El·e·na [el-uh-nuh, uh-ley-nuh; It. e-le-nah] /ˈɛlənə, əˈleɪnə; It. ɛˈlɛnɑ/ –noun a female given name, form of Helen // A proud student of His Eminence Tsem Rinpoche // Personal assistant with a BSc (Hons) Psych from Uni of Warwick // These are snapshots of my life, in words and pictures

My Crazy 72 Hours: Rescuing Sonam (Part 1)

June 24, 2013 1

It was 2:30am when we first met Sonam at Genting Sempah

It was 2:30am when we first met Sonam at Genting Sempah. Here, Rinpoche recites mantras while feeding Sonam

Wow, it has been an absolutely CRAZY 72 hours!

All of this began on Friday night, when Rinpoche and a small group of us went up to Genting (read about part of the trip here). On our way down, we came across a pack of stray dogs so we stopped to feed them. On getting out of our cars, we noticed one of the dogs only had three legs and on getting closer, we noticed he also had a massive gaping, bloody hole in his back.

It took us all of 5 minutes of discussing logistics and the potential problems before Rinpoche decided we had to rescue him. So part of the team went back to Kechara Forest Retreat to pick up tranquiliser pills, whilst we arranged for another Kecharian (Pastor Susan, Head of Kechara Animal Sanctuary) to drive up from KL with a doggie carrier and more pills. Meanwhile, Bryan and I stayed back at Genting Sempah to keep an eye on the dog whilst everyone went to get the supplies we needed to rescue him.

Now the thing about stray dogs is that they are extremely strong and having lived in tough conditions, they’ve (sadly) grown accustomed to pain. So this doggie in particular, despite how bad his injuries looked, gave Bryan and I quite a good workout as we ran all over Genting Sempah to make sure we didn’t lose him whilst the team was away.

How could we not rescue him?

How could we not rescue him?

About an hour later, everything had arrived and Operation Rescue Doggie began. It was 3am when the little doggie swallowed the first four of his tranquiliser pills and so the team waited.

And waited.

And waited.

An hour later, the doggie started to show some signs of drowsiness so we began to move in on him, in our first attempt at capturing him. No such luck (ha! Did you actually think it was going to be that easy?) because something spooked the doggie, so he ran off.

Sigh.

It was now 4am and there was a badly injured doggie running on the highways near Genting Sempah. It wasn’t as though we could abandon him. So we continued to wait and try, and wait and try, and wait and try.

Soon, it was 6am and the sun was beginning to rise over Genting Sempah. At this point, some of us had been running around Genting Sempah for close to three hours and well, we’re not the fittest bunch. And by this time, the doggie had acquired a name – Rinpoche named him ‘Sonam’, which is Tibetan for ‘merits’.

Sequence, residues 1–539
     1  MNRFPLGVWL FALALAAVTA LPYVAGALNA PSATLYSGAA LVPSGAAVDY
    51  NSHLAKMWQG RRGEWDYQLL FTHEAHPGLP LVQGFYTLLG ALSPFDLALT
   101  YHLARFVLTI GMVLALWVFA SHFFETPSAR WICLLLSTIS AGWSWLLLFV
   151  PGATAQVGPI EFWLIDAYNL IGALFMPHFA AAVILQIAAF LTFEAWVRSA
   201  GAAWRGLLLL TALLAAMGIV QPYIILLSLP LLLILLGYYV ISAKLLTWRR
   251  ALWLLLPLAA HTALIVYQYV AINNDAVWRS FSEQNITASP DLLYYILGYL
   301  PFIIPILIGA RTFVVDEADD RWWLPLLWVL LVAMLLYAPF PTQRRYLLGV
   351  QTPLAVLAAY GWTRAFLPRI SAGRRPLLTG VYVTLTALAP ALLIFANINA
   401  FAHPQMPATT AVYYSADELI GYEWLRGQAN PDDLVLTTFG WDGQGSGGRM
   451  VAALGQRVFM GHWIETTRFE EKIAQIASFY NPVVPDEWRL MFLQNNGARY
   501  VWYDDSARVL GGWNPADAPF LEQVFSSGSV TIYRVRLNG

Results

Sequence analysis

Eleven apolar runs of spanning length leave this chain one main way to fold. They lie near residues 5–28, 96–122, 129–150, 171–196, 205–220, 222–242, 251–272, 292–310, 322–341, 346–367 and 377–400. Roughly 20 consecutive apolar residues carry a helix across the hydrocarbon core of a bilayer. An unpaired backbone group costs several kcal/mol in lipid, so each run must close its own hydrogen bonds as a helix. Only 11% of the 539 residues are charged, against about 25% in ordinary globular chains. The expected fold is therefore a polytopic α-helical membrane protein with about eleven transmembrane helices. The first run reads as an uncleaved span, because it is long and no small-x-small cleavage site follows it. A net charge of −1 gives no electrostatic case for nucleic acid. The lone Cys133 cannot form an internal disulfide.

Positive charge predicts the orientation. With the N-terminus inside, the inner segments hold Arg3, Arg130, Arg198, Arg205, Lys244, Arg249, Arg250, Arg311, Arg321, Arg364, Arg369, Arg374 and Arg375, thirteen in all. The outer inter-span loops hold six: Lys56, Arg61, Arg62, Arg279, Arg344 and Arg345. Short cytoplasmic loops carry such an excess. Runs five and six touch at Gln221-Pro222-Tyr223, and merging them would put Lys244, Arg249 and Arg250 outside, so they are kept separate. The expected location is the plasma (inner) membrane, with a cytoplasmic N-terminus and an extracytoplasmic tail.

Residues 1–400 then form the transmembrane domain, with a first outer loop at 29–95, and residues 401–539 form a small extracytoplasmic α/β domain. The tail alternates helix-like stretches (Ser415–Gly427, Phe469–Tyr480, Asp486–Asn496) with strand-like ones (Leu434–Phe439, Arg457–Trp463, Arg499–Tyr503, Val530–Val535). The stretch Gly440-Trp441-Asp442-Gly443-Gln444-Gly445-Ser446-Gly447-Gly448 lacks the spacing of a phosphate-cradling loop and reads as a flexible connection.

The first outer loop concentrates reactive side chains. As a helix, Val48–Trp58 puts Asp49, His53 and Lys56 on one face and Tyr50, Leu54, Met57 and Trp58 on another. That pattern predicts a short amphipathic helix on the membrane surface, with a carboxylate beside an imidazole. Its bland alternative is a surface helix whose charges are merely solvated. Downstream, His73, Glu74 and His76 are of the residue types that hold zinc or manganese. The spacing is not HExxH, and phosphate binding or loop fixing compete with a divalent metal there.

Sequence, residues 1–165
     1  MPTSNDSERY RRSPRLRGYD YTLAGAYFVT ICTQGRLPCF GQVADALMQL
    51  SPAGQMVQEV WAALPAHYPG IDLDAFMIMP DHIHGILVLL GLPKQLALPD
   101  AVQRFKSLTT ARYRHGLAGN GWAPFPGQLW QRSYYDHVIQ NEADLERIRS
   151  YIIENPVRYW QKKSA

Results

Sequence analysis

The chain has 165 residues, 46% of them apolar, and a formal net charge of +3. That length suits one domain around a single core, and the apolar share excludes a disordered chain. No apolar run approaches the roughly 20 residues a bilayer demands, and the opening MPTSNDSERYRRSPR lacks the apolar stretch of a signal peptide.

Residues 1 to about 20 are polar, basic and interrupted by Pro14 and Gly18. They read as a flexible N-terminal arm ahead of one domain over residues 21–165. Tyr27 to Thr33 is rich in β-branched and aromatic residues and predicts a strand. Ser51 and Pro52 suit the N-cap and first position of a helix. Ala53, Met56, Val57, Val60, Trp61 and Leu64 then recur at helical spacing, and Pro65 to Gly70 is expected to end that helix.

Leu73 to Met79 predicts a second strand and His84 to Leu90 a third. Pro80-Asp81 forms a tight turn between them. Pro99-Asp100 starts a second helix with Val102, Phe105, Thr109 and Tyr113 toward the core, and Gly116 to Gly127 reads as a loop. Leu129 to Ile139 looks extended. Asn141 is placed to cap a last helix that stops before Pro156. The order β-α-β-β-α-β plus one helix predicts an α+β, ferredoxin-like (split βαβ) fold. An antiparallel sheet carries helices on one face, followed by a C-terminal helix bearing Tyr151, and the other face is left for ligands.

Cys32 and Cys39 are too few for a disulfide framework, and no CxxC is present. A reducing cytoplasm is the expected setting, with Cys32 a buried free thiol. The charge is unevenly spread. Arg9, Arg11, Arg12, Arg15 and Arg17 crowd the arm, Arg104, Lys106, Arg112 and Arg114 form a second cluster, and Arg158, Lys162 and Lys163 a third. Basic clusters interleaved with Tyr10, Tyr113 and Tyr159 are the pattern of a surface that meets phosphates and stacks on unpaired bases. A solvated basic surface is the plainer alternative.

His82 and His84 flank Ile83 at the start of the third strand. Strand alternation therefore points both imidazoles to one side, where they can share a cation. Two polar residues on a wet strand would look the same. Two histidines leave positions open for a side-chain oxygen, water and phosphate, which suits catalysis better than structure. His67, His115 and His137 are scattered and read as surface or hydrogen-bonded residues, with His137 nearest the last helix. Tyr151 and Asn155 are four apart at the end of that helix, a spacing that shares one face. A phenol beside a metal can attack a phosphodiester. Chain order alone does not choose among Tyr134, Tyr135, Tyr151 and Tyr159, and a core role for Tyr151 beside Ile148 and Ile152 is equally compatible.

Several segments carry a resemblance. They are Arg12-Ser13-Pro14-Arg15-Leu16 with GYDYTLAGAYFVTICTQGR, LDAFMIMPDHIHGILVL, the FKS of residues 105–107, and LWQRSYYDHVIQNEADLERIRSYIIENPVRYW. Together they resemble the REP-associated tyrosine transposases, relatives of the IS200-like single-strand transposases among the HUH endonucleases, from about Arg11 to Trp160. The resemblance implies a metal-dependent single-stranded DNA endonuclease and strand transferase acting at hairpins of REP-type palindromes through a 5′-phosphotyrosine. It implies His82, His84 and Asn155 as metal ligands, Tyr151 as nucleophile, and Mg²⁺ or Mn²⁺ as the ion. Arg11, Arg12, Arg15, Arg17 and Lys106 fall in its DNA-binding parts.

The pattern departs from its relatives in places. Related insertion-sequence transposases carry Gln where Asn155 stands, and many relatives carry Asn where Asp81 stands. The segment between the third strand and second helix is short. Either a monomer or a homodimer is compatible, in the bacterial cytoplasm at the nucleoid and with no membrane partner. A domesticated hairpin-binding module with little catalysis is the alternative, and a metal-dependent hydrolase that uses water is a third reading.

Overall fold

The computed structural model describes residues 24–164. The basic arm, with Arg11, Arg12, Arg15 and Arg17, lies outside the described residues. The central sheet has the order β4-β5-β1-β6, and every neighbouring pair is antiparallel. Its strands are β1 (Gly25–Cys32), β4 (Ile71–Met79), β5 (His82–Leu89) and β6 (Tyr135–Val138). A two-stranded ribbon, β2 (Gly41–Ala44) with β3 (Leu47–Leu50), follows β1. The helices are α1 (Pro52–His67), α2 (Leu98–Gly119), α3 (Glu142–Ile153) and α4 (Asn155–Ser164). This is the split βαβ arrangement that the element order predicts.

We decided enough was enough; if we waited any longer, the first four tranquilisers (which clearly weren’t working too well!) were going to wear off, and we’d never catch Sonam if we continued to break his trust. And so we commenced our sixth attempt.

We got Sonam to eat another two tranquiliser pills and then waited.

And waited.

And waited.

7am saw Pastor Susan, Moh Mei, Elisa and myself crouched near Sonam at the Genting Sempah roundabout. With noose in hand, Pastor Susan was softly stroking Sonam who had laid down on the grass to rest. Moh Mei stood by, reciting mantras; Elisa and I crouched behind some bushes, out of Sonam’s view, with the doggie carrier in hand. The traffic was steadily growing heavier, with more trucks and lorries wooshing past us. It was now or never…

Slowly, Pastor Susan brought the noose over Sonam’s head and then plop! Over it went, and Sonam began to struggle.

Man, the dog struggled.

Remember, by this point, Sonam had already ingested six tranquiliser pills AND had been running around Genting Sempah for five hours…and he could STILL struggle (told you stray dogs are strong!). So we let him struggle until he was a little more exhausted then started to move in on him. Cornered into some bushes, there was nowhere Sonam could run except straight into the dog carrier we’d prepared.

The picture everyone waited for five hours to see!

The picture everyone waited for five hours to see!

At 7:10am, I could finally send out the triumphant news that Sonam had been captured successfully and was now on his way down to the vet. A few hours later, everyone received the message we had all been waiting for: Sonam was fine and his stump was an old injury which had healed well. The wound on his back was treatable and the vet had begun applying medication.

I got back to Kechara Forest Retreat at 9am and immediately settled in to bed…only to wake up just two hours later for a very exciting day ahead of me… (See here for Part 2!)

Six tranquiliser pills later, and despite having captured him, he was still wagging his tail and happy to see us!

Six tranquiliser pills later, and despite having captured him, he was still wagging his tail and happy to see us!

Animal Welfare

One Comment → “My Crazy 72 Hours: Rescuing Sonam (Part 1)”

  1. There's No Way But Up! 6 years ago   Reply

    Poor bubu! He’s cute and I hope he gets well and goes to a nice happy home.

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